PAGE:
1 APPLICATION OF. SALES AND USE TAX laws . TO construction CONTRACTORS. RICHARD C. LITWIN, ESQ. RICHARD C. LITWIN, 2008. 1742 Mt. Vernon Road - Suite 300. Atlanta, Georgia 30338. (678) 990-0600. I. INTRODUCTION. Unlike retailers and dealers, who purchase goods for resale, construction contractors and subcontractors buy goods for use in fulfilling construction contracts. Thus, contractors and subcontractors face SALES and use tax obligations that differ from traditional retailers or dealers who sell tangible personal property to the end user.
2 Contractors and subcontractors must pay SALES and use tax when they purchase the materials. A dealer sells tangible personal property at retail. See Official Code of Georgia Annotated ( ) 48-8-2(3). The dealer must collect SALES taxes from its customers, hold such monies in trust for the Georgia Department of Revenue (the Department ), and remit such monies at the end of the month or quarter. A dealer may provide ancillary installation services. The dealer's installation services are not subject to SALES tax, if such services are itemized and separately-stated.
3 Ga. Reg. 560-12-2- .09(6)(automotive services), (1)(communication services); (florists and nurserymen, but must be billed separately); (monuments and memorial stones); (5)(computer software installation). A contractor provides services and uses materials in performing construction contracts. To this end, the contractor is the consumer of the materials. The contractor . must pay SALES and use tax on its purchases, even if the contractor passes on such taxes to the homeowner/developer. The contractor should not collect SALES tax from parties with whom it contracts.
4 Noncompliance with the SALES tax rules arises when a taxpayer's status is not clear. Noncompliance can lead to liability for back taxes, interest and penalties. A contractor (or subcontractor) must ascertain whether it is (i) a dealer, who provides separate installation services, or (ii) a contractor , who provides materials and services with regard to such materials. This paper clarifies the confusion that may arise regarding a contractor 's SALES and use tax obligations. First, this paper defines contractor and "subcontractor" for Georgia SALES and use tax purposes.
5 Second, this paper explains the SALES and use tax obligations of contractors and subcontractors.. II. contractor AND SUBCONTRACTOR DEFINED. A. Statutory and Regulatory Definition The Georgia SALES and Use Tax Act (the SALES Tax Act ) does not define the term contractor or the term subcontractor. Rather, the respective statute in the Act, which references contractors and subcontractors in its title, sets out the SALES and use tax obligations of each person who: [o]rally, in writing, or by purchase order contracts to furnish tangible personal property and to perform services under the contract within this state.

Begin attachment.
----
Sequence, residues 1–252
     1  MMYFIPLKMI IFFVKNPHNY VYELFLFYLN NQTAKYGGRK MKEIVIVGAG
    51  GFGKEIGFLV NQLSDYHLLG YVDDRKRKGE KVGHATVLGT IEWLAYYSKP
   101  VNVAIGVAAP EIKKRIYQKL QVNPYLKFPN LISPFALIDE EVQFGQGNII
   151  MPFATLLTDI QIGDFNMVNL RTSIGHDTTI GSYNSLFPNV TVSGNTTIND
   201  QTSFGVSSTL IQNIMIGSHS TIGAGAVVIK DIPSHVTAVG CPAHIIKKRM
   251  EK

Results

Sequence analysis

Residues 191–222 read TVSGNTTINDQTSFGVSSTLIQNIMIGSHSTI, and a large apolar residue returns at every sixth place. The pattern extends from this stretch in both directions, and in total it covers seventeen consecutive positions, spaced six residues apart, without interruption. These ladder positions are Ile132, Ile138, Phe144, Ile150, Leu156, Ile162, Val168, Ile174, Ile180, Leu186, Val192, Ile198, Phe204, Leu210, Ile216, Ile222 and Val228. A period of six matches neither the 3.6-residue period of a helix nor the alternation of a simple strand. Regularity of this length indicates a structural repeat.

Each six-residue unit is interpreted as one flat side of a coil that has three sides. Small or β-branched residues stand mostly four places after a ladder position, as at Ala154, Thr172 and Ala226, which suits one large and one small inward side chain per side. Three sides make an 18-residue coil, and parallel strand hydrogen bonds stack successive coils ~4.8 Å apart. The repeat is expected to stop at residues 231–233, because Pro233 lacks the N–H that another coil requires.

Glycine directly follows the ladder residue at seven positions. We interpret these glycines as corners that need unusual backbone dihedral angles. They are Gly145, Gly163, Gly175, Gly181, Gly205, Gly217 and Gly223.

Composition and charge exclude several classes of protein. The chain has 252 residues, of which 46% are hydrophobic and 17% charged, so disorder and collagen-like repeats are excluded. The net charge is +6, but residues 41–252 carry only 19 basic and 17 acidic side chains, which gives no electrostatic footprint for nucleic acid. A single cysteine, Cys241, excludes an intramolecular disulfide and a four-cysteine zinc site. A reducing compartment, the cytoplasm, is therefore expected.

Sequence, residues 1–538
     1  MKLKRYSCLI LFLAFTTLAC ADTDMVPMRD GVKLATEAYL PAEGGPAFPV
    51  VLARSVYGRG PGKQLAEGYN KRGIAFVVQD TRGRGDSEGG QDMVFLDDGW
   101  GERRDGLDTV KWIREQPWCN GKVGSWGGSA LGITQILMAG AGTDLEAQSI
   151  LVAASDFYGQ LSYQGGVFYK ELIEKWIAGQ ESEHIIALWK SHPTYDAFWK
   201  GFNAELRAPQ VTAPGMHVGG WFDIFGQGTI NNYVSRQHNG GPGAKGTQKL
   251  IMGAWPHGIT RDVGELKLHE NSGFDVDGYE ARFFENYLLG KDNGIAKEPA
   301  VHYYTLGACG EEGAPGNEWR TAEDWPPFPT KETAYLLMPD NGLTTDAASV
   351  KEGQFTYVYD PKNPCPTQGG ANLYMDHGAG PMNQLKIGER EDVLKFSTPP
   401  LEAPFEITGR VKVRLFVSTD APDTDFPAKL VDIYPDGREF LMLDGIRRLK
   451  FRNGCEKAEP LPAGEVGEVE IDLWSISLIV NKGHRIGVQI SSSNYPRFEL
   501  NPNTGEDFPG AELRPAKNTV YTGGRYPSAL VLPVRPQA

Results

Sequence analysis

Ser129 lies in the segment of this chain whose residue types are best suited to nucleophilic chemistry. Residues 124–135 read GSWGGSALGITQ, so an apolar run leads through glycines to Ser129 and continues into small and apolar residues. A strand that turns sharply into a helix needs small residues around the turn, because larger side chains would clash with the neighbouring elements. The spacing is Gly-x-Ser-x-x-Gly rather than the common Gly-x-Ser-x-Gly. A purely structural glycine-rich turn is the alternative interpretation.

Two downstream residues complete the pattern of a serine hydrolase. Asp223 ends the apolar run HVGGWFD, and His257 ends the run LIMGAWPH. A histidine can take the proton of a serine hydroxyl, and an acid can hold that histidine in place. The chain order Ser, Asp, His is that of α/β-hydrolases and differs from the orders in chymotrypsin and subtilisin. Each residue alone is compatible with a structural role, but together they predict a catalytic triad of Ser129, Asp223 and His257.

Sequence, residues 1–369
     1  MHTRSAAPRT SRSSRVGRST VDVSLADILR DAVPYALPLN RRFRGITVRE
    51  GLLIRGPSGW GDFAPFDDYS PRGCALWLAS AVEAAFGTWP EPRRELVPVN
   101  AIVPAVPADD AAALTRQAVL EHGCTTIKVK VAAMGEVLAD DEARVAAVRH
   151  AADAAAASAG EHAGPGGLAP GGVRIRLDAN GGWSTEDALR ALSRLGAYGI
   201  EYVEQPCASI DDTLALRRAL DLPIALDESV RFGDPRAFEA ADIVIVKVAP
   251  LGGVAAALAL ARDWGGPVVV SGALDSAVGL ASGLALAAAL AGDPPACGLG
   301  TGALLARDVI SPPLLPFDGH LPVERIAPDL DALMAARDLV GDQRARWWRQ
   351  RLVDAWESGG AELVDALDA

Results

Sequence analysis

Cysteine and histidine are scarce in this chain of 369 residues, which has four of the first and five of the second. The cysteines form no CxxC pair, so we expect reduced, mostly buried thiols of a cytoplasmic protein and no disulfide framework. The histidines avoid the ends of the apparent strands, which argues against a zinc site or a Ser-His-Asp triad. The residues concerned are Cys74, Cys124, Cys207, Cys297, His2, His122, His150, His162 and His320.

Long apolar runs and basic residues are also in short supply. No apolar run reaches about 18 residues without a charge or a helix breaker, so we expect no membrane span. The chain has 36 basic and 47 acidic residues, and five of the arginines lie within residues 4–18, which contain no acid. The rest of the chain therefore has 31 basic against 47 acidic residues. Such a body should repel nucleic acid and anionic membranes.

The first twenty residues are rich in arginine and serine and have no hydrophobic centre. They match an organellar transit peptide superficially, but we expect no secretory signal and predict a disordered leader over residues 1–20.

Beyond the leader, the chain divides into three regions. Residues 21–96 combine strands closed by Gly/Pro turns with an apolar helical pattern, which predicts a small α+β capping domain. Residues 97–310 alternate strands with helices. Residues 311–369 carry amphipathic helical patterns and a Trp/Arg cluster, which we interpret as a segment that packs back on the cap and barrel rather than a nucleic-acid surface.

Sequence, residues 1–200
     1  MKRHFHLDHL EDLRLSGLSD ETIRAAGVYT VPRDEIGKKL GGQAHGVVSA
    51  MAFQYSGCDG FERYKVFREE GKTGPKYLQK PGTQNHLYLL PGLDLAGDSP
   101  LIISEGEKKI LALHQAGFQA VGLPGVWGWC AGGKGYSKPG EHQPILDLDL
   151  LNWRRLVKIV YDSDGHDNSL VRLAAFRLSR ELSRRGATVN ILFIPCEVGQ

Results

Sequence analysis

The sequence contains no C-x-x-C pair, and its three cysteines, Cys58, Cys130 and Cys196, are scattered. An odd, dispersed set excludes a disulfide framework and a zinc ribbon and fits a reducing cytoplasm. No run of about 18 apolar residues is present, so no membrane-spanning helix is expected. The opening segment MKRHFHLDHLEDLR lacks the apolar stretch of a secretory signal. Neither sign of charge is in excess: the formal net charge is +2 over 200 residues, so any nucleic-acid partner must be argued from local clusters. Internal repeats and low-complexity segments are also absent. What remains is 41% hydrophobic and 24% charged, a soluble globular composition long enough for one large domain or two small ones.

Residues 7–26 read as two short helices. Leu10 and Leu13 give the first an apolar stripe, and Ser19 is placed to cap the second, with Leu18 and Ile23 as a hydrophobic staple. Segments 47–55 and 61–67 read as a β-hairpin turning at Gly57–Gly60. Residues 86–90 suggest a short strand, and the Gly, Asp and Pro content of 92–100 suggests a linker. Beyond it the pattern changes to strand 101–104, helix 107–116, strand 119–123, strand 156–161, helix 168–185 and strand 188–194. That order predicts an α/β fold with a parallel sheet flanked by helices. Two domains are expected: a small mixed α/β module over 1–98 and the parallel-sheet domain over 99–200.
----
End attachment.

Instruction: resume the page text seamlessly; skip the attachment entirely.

6 48-8-63(b). Such person: [s]hall be deemed to be the consumer of the tangible personal property and shall pay the SALES tax imposed .. at the time of purchase. 48-8-63(b). The Department's contractors regulation clarifies that a contractor is any person, partnership, LLP, corporation or LLC who, among other things, enters into a contract involving the premises or property as designated by said contract, to perform services and/or furnish materials for the construction , alteration, or improvement of any real property or project. Ga. Reg. (2)(a).
7 The regulation also defines a subcontractor as, contracts with the prime or general contractor , to perform all or 3. any part of the contract of the prime or general contractor or who shall contract with a subcontractor who has contracted to perform any part of the contract entered into by the prime or general contractor . Ga. Reg. (3). Under the applicable case law, contractors and subcontractors are taxpayers who engage in construction projects relating to the premises or property that is the subject of the contract, by performing services and/or furnishing materials for the construction , alteration, or improvement of real property.
8 See Strickland v. Ross & Sons, Inc., 251 Ga. 324, 325, 304. 719, 720 (1983). Thus, whether the taxpayer is a contractor or "subcontractor" turns on the nature of the taxpayer's role vis- -vis the specific real estate. B. Other Guidance The definitions found in the statute, the regulations and the cases clarify whether a taxpayer is a contractor /subcontractor . Where the classification of a taxpayer as a " contractor /subcontractor" is not clear from the above definitions, cases and statutes from other legal disciplines, as well as rules from other states, offer added guidance.
9 The materialmen and mechanics' lien statute, 44-14-361, and the cases that interpret this statute, provide insight. Further, fixture law can be helpful in determining whether the services actually improve real estate. Clarity can also be drawn from the Florida Department of Revenue regulations. 1. Materialman/Mechanic's Lien Law Georgia law provides for a special lien on real estate for persons who perform work or provide materials to the real estate. Under the applicable law, [a]ll contractors, all subcontractors and all materialmen 4. furnishing material to subcontractors, and all laborers furnishing labor to subcontractors, materialmen, and persons furnishing material for the improvement of real estate.
10 Have a special lien on the real estate. 44-14-361(a)(2). The right to a materialman's lien depends upon whether work is performed and/or material has been provided to the real estate. The materials furnished must actually go into and become a part of the finished structure. Such materials include lumber, nails, glass, hardware, etc. See Pacific Southern Mortgage Trust v. Melton, 151 Ga. App. 593, 594, 260 910, 911 (1979). Supplying curtains is not, however, an improvement to real estate, and a lien cannot attach for nonpayment of such materials.